As I prepared to leave for college, my father sat me down for a heart-to-heart chat.
“Josh,” he said, “I’m going to tell you the most important thing about going away to school.” My dad’s own university experience had been a little turbulent, so I was curious what his words of wisdom might entail.
“Make sure all your laundry is clean when you get there. Otherwise, you’ve got no clothes to wear, and you’ve got to waste time washing your stuff right away, and before you know it, you’re out of quarters.” Then he placed a small orange pill bottle in my hand, stood up, and left the room. When I opened the bottle, I saw that my father had filled it to the top with quarters. I still follow his advice every time I move, and the bottle of quarters is one of the most thoughtful, specific gifts I’ve ever received.
Most of the “wisdom” bestowed upon me as I left for school was less helpful. As an 18-year-old leaving home, often for the first time, you hear a lot of platitudes. Maxims handed down from generation to generation. You get the feeling that some of them don’t apply anymore, and others were never relevant in the first place. Here are some of my favorite dubious pieces of advice college freshman get:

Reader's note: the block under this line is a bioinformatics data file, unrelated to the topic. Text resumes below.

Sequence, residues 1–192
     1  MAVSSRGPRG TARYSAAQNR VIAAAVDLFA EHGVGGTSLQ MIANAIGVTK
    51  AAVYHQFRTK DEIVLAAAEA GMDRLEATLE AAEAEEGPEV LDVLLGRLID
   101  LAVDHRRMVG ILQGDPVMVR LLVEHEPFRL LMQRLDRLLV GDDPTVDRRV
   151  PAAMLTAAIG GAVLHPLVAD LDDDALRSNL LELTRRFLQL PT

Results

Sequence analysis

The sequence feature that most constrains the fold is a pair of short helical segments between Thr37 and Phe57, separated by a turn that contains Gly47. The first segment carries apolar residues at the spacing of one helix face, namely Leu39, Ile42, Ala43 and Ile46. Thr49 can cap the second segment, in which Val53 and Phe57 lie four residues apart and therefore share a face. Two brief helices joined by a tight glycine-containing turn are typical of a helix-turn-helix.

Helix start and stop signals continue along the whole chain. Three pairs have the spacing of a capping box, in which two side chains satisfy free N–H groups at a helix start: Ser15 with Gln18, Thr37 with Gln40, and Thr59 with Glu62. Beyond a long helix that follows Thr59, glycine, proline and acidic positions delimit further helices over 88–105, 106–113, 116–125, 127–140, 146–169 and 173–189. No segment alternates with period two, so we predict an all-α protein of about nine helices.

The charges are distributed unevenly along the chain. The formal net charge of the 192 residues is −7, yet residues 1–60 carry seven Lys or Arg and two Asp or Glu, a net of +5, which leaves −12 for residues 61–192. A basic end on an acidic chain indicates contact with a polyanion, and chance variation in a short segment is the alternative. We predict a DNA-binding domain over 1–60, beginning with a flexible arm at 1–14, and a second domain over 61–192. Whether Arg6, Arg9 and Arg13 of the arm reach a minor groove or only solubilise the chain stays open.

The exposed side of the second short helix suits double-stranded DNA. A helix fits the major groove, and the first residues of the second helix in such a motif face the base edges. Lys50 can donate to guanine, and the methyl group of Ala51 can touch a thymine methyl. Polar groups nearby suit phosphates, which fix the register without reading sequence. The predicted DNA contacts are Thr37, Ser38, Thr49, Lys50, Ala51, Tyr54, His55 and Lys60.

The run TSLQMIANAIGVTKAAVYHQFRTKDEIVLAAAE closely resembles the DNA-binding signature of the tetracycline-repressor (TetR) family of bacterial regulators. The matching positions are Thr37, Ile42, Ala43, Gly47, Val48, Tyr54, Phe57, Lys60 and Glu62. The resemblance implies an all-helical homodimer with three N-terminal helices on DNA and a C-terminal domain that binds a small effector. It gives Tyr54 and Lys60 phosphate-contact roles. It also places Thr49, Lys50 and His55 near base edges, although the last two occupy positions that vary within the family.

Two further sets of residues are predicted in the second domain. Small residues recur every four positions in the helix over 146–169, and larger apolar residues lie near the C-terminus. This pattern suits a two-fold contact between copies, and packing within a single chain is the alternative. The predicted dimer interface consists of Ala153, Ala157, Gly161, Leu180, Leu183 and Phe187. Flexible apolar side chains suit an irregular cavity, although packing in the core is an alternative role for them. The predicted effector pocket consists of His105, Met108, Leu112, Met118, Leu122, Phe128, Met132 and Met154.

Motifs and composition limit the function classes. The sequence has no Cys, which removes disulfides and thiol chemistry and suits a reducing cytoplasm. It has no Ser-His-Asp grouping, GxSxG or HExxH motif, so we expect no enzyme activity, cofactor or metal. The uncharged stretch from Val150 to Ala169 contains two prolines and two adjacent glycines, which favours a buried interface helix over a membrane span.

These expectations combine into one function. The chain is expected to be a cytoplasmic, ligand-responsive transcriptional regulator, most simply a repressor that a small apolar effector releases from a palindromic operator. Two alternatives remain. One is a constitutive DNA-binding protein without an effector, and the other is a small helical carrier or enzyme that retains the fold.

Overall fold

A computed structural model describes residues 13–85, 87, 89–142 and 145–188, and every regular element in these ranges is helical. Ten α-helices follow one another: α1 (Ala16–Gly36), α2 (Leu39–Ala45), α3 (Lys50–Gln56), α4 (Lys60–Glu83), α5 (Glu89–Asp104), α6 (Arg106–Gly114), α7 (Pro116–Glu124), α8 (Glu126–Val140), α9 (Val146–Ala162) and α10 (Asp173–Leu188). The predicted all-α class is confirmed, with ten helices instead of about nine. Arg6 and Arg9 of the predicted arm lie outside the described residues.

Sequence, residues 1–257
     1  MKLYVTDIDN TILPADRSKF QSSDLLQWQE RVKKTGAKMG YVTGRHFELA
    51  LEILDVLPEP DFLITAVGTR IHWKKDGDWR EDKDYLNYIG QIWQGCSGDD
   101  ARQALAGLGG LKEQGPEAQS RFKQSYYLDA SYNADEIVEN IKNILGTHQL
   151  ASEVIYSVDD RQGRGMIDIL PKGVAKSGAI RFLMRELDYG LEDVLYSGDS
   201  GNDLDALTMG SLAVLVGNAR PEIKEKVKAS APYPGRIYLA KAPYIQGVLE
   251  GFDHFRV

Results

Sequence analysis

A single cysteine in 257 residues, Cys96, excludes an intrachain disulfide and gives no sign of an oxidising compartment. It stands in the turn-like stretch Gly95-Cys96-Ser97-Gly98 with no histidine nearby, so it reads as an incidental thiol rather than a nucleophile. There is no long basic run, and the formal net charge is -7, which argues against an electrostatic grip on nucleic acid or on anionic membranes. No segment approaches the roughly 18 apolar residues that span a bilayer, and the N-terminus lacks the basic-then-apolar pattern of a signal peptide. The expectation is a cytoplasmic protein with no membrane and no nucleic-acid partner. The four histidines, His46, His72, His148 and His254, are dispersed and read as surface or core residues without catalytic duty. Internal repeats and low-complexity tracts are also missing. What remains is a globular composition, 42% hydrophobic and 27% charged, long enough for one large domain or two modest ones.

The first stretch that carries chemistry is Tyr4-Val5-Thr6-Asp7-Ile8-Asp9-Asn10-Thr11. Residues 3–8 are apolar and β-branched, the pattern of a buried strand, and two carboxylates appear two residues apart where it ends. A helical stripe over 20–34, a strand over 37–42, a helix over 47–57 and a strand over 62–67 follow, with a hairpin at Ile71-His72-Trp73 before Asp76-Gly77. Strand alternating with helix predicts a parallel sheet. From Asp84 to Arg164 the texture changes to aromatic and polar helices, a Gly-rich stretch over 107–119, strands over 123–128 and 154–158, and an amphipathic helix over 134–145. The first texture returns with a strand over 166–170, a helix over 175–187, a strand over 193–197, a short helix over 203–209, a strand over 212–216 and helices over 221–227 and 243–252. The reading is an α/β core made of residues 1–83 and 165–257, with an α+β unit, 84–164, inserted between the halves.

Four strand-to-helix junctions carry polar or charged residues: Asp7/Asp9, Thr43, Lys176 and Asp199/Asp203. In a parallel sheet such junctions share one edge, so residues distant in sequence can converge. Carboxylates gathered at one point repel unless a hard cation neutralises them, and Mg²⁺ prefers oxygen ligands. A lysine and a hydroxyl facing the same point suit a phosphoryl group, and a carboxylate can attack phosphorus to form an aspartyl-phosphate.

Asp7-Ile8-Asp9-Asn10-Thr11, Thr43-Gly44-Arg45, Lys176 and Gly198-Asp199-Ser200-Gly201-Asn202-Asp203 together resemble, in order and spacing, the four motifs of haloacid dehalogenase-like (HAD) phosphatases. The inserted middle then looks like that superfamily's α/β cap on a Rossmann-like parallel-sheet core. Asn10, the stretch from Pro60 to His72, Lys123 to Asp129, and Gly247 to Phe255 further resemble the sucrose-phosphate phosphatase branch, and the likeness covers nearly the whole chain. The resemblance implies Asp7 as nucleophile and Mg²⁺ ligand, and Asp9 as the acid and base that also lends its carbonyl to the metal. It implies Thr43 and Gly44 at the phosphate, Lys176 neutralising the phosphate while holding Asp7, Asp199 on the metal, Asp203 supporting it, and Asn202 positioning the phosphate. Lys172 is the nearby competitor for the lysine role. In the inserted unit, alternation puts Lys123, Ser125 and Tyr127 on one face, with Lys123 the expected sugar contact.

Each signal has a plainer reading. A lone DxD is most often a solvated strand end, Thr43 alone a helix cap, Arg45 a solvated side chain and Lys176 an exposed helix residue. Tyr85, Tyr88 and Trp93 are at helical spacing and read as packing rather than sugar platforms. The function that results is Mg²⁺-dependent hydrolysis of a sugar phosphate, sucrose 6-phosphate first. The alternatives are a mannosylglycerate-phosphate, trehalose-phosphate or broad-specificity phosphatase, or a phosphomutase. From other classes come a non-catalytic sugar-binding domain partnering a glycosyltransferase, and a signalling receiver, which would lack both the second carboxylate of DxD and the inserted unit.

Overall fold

1. Take Your Time Picking a Major
You’ve spent the last year and a half preparing for this moment. You have visited campus after campus, or at least website after website to narrow your choice down from a vast landscape of possibility. You’ve analyzed based on location, class size, faculty, extracurricular activities, and myriad other metrics. You’re locked in for four years and tens (or hundreds) of thousands of dollars. But for some reason, you’re supposed to be clueless as to what you actually want to learn when you get there.
If you know what you’re passionate about, jump on it right away. You can get a head start finding cool internships and knocking out prerequisites right off the bat. If you don’t know what you want to do, don’t freak out, but if you do, don’t let someone talk you out of your dreams.
On the flip side, definitely explore beyond your area of expertise. College is a time to broaden your horizons. If you’re a computer science major, check out a South Asian dance performance (kudos for making it off the internet!). If you are a poetry major, take an econ class. Also, get a job at your campus coffee shop. It’ll be good work experience for your future career. (Relax, poets. I was a creative writing major. We’re the same, you and I.)
2. You’ve Got to Make Your Own Mistakes
No you don’t.
While you certainly have the option of making your own mistakes, you can also learn from other peoples’ foibles. I’ve never done heroin, but I’ve got a pretty solid notion what it would be like. Because books and other people exist.